If Lil Wanye’s Rebirth is the prototype for rappers-turned-rockstars, then Lil Yachty’s endeavor into psychedelic rock with Let’s Start Here is a logical evolution. Leaving his bubblegum trap origins in the rearview, Lil Yachty recounts all that he discovered on an introspective journey into the untapped elements of his artistry.
As the title suggests, the Atlanta rapper’s career divides into two periods – before Let’s Start Here, and after. Aimed to be a new beginning for Yachty – a man who as a child was blamed for “killing” Hip Hop, his most recent LP features a moderate shift in style from impassioned rap to the howling vibrato of a modern psychedelic sound. It would be disingenuous to say this is a massive shift, as the despised Teenage Emotions also featured elements of alternative rock and psychedelia. However, instead of letting his team confuse Squidward’s clarinet for a cello, Yachty has learned from his mistakes and recruited some of indie music’s greatest. Unknown Mortal Orchestra’s Jacob Portrait, Justin Raisen, Magdalena Bay, and Patrick Wimberly of the disbanded duo Chairlift received various credits for production; while Mac Demarco, Nick Hakim, Alex G, and MGMT’s Ben Goldwasser all scored recognition as lyricists.
Cracked open by a languid breakdown of percussion,“the BLACK seminole” offers an immediate change of pace from his previous work. “No time to joke around, the kid is now a man / And the sadness is filled with remarkable sounds,” he croons throatily.
Featuring Teezo Touchdown, “the ride-” reflects on Yachty’s course in Hip Hop. Where “the BLACK seminole.” likens him to an industry outcast – a chip he tethers to his shoulder, “the ride-” sees Yachty pleading for respect from the same people who quickly ostracized him. Let’s Start Here. is desperate to exalt the rapper from the categorization of Hip Hop as it once confined him; the truth is that as “groundbreaking” as Yachty continues to say this album is, such a sentiment also ignores rap’s present affinity for transformation – for breaking and bending itself to redefine that which it can be. In 2023, Yachty is not the first person to take a stylistic turn into left field.
But, it sounds good, and that’s the most important thing – allowing Yachty to dabble in a fresh palette of songs that he’s hinted at, encouraging him to take the risk that predated this release. “Drive Me Crazy,” “Say Something,” and “Pretty” showcase a softer, more romantic side of Lil Yachty. “I feel so pretty,” he warbles dreamily, expressing himself with a cathartic transparency that is worlds away from the pent-up frustrations of “Go Krazy, Go Stupid Freestyle” or “YAE ENERGY.” Engaging with suicidal thoughts, experiences of anti-blackness, and heartbreak, Let’s Start Here. projects Yachty’s inner monologue out into the world.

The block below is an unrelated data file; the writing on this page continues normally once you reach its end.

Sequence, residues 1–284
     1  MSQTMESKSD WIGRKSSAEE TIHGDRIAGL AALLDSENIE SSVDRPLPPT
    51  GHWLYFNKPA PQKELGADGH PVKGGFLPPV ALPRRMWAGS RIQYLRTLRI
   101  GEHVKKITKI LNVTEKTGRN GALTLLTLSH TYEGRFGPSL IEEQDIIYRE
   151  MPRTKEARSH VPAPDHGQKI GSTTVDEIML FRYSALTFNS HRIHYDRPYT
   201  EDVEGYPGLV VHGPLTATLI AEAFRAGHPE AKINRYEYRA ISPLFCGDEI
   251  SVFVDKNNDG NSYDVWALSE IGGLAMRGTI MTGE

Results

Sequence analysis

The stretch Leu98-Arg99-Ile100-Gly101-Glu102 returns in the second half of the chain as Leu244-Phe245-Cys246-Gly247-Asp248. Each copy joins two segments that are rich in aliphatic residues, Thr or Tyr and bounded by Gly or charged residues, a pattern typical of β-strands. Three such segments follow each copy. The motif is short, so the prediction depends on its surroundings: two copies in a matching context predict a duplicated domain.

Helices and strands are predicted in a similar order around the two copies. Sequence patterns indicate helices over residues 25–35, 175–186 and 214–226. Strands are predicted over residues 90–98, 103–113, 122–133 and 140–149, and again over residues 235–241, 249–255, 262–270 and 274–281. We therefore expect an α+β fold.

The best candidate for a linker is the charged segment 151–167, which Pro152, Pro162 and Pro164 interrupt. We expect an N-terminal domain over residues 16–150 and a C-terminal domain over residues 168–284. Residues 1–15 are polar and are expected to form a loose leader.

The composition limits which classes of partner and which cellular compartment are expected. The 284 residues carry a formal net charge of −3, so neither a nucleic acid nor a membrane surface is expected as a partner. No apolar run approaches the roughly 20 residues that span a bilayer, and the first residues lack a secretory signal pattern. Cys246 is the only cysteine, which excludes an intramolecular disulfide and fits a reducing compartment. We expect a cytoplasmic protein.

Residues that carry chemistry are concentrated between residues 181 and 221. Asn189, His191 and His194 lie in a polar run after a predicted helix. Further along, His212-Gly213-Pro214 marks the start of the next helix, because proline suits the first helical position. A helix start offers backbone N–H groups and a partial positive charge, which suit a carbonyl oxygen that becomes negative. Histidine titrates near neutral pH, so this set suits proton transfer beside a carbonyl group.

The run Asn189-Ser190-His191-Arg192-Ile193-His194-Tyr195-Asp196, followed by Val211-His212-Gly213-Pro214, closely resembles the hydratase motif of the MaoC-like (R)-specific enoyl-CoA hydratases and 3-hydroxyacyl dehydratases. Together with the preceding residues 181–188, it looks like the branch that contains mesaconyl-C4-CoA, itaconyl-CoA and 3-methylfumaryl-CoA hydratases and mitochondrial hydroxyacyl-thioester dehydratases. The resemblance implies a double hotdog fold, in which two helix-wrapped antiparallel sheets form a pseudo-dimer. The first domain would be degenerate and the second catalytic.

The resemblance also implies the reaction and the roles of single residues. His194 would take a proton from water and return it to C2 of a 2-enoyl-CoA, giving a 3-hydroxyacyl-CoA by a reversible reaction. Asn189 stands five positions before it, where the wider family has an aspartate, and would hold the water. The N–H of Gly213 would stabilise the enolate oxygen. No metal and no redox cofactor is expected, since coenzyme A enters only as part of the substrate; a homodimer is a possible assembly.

With respect to his long-standing career as a rapper, Lil Yachty’s latest release comes across as few and far between; but, when placed in company with the works of other indie artists – like Tame Impala, Magdalena Bay, Yves Tumor and others, Let’s Start Here. falls short of what most listeners have come to expect from psychedelic rock and indie pop. The most obvious downfall of the project is the use of repetitive loops where breakdowns or solos should exist. The rugged guitar riff of “IVE OFFICIALLY LOST VISION!!!!” picks up intensity and then leads to nowhere, fizzling out from the lack of emphatic contrast between the build and the drop. The same disappointment applies to the seemingly promising crescendo of “The Alchemist.” Titled as so, it would be fair to expect this particular track to be the one where Yachty puts it all out there – where he turns his existing discography into gold. And yet, the kick drum that pounds like a racing heartbeat does not lead into something grander, rather it disseminates with the soft vocals of Fousheé.
Let’s Start Here. is exciting at the first listen because the style is new to Lil Yachty himself. Alas, the shiny sheen of new experiences tends to dull over time and with repetition. After a few plays through, there is little left to be discovered; this proves to be a problem for Yachty, particularly when he proudly pins the album as psychedelic rock. Unlike with the ephemerality of Let’s Start Here, Tame Impala’s Currents possesses the sonic and thematic layers to maintain an element of discovery even years after its release. The beauty of the whining reverb in “We Saw the Sun” is undeniable; but when the listener attempts to move beyond the surface, Yachty’s rendition of the classic instrumental inter-play of psychotropic rock unravels as if pulled from a string.
If contextualized by the tried and true characteristics of alternative rock, Let’s Start Here. seems inspired by Yves Tumor or any one of his esteemed indie collaborators, but it cannot stand independently against them or the test of time; Yachty’s rock debut is unique mostly in the sense that it reveals an alternative aspect of his artistry, a departure from Michigan Boy Boat, the Lil Boat series and is his massive warbling smash “Poland.” In regards to what it offers for the future of psychedelic rock, the LP treads above the already-existing footprints of Currents and Tumor’s Heaven To A Tortured Mind.
Still, the record allows for the progression of the perception around Yachty’s career as a musician. Much like Rihanna with ANTI, Let’s Start Here. places Lil Yachty in a position to be considered for his versatility and artistic merit. A career shift into psychedelic rock is more than a stylistic choice; it is a decision to attempt an alternation of the listener’s mind. When understood in terms of creative growth, Yachty earns success, adjusting the preconceived notions that surrounded him. But much like Harry Styles, Yachty’s pastiche is not anything new, and it doesn’t have to be.
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